2. I know someone who could really benefit from this book. I am very thankful that we started saving young. I have my parents to thank for that. They paid for my college education, which helped me start life after college without any debt.

  3. Donna, thank you for your blog. It is no small matter to offer help and encouragement as you do to all of us weekly.

  4. Sadly there seems to be a REAL disconnect between our elected officials and Main Street. I see folks struggling everyday as they adapt to ..”the new normal” and the officials say everything is fine. Add to this dynamic a really tough Winter… in “this neck of the woods” with heating oil jumping to $4.35 a gallon and it is a challenging enviroment for even the most avid “cheapskate”. Thank goodness we heat with wood entirely at 0 cost….I’ve seen $1K heating bills from ONE delivery!!

  5. I think Betsey’s comment is the best one ever! Hold on to it when the trolls come out. She is right you are a blessing!
    And your sledding made me smile.

  6. And JestJack and Sonya Ann. Sitting here drinking my free leftover coffee from last night, after looking out at buried cars and more snow falling down. Just made a second payment on my budget billing for my gas heat, where last months usage went from $89 – $286. Don’t even want to imagine this months usage bill.

  7. I recommend the Mr. Money Mustache blog mrmoneymustache.com. It’s written for those who want to retire early, but has lots of great advice for anyone who wants to retire at any time. Also has forums if you have specific questions about some situation you’ve encountered. It’s a different point of view than we usually see in financial blogs, stressing independence.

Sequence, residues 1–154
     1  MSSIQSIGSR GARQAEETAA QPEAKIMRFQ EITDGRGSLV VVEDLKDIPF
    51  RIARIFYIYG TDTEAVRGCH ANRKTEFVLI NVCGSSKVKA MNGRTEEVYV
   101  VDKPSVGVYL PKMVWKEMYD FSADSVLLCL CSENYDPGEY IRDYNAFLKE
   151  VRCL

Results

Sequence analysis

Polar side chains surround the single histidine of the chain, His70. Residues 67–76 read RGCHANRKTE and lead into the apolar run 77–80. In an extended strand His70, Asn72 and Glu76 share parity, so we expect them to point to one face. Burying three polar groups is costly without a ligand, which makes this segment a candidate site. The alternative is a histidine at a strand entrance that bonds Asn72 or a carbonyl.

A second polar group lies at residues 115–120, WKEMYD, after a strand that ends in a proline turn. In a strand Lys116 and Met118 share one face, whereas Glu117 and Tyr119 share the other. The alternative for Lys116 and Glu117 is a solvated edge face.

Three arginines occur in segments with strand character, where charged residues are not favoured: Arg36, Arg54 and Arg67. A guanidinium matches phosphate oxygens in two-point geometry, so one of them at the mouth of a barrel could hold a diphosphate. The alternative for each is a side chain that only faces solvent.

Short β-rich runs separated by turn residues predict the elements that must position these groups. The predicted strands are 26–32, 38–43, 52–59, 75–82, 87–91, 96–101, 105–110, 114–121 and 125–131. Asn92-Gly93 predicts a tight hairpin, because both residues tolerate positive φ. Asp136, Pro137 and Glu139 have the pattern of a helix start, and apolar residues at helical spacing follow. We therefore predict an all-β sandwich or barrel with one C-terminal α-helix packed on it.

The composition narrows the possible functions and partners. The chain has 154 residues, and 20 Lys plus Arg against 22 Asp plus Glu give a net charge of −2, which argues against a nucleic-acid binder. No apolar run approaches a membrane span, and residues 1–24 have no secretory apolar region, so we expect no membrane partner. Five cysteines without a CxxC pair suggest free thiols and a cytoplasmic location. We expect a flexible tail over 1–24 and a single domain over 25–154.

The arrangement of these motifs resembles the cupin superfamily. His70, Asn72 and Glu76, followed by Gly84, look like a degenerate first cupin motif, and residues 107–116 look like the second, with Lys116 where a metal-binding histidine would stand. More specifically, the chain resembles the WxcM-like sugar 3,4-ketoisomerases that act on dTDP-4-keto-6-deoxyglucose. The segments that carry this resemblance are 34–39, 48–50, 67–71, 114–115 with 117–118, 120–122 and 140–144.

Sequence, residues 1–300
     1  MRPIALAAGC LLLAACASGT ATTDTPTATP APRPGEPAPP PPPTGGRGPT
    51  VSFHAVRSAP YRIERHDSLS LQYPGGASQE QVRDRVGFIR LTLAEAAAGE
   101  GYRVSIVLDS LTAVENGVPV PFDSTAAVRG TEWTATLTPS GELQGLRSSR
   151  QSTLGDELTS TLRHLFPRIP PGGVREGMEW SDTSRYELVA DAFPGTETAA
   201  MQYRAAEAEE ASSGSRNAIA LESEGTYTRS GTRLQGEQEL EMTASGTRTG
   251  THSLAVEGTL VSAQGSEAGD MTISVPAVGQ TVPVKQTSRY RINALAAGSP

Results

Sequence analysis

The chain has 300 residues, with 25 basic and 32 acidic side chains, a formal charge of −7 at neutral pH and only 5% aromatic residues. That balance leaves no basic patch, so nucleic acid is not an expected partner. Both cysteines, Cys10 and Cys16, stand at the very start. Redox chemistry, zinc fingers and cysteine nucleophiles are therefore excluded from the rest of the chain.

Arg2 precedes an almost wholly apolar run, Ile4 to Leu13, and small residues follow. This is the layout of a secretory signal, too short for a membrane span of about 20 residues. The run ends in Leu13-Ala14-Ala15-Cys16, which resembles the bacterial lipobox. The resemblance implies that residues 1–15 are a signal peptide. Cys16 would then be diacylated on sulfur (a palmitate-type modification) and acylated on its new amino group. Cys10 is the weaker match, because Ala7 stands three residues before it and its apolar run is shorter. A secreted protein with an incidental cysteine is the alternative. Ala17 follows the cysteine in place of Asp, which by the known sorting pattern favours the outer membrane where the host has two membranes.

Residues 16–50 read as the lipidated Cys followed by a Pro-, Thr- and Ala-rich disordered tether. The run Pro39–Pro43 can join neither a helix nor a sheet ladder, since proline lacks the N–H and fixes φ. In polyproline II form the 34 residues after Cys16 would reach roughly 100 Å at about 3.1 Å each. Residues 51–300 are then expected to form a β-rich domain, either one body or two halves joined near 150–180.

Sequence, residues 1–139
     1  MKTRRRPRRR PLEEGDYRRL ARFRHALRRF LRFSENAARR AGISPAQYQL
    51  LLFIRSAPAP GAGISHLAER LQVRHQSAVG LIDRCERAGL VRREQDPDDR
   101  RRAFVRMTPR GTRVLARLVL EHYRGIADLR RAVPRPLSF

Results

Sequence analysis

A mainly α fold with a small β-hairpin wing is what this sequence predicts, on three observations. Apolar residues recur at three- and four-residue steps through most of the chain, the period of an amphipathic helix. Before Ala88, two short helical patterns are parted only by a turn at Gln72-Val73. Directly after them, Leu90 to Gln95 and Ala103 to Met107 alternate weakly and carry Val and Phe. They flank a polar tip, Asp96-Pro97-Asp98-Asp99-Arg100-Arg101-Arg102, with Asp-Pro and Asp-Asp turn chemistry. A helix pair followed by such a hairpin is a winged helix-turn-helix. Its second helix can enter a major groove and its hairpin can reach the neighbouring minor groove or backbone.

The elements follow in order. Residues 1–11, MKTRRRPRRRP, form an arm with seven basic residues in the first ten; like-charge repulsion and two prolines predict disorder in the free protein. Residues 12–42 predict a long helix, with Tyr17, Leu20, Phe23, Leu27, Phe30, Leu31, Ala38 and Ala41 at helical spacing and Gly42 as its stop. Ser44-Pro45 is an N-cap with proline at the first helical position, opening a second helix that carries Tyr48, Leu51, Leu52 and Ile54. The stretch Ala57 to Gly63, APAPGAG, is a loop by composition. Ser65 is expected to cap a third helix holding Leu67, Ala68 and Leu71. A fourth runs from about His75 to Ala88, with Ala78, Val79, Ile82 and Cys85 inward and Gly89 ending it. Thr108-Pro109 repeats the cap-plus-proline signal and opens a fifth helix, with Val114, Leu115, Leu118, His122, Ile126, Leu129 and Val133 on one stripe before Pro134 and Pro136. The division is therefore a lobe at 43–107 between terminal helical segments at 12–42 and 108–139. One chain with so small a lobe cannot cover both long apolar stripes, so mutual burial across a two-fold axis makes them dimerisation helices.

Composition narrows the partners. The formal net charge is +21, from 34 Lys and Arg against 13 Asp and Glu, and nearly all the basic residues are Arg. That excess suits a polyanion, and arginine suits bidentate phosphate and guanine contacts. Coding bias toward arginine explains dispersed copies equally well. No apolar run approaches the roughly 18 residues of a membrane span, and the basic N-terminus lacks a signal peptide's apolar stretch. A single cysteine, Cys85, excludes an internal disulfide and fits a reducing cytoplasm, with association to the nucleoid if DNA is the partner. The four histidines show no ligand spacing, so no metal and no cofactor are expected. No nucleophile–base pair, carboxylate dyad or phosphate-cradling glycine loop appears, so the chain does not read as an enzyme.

• enjoythejourney

      Eddy, I, too, have become a big fan of Mr. Money Mustache’s blog. Age-wise, my husband’s already at “standard” retirement age, but likes what he does and the people in his firm and chooses to continue to work a few more years. But, still the blog shares good info, and even when I don’t agree with it, it’s usually thought-provoking. Donna’s is as well. What I like about “Surviving…” is that while no punches are pulled — Donna says what she means — there is always an underlying kindness there.

      Taking you out of the third person, Donna, I’ve been reading you since 2010 and look forward to each new post. Thanks.

  8. I got a copy of Hunt’s book from the local public library. It’s a good read! Thanks for your blog, Ms. Freedman.

  9. I too find the MMM blog very thought-provoking and often inspiring, though the commenters sometimes strike me as very smug and somewhat naive. And all the paleo stuff is tiresome (to me).

    Although it’s not focused on retirement but on feeding and managing a large family on an incredibly tight budget, The Prudent Homemaker is a great blog for those living really close to the bone. It’s beautiful, useful, and rather uplifting. The author is an LDS homeschooling mother of seven. I am none of those things (work outside the home, never homeschooled, generally agnostic, small family), but I really adore her blog. She has such great tips on how to live creatively and economically–but also pleasurably–when money is not coming in.

  10. Lazyretirementgirl

    Another excellent free web resource is the Prudent Homemaker blog and website. It is a decidedly unhip labor of love by a mom of six or seven children which shares her strategies and tactics for feeding and clothing them on a very tight budget. Her Monday posts on the previous week’s frugal accomplishments which generally attract dozens of comments sharing the efforts of her readers, are encouraging and uplifting. The tone is encouraging and free of the self congratulatory , judgmental nonsense that mars many PF blogs — although never yours, Donna.

  11. Agree with all these comments. I love when I see one of your posts in my inbox, because they always seem very real and honest to me. Life/money seems increasingly hard for so many of us, and I appreciate the way you speak to those whose “financial planning” involves making it through the next week! Thanks!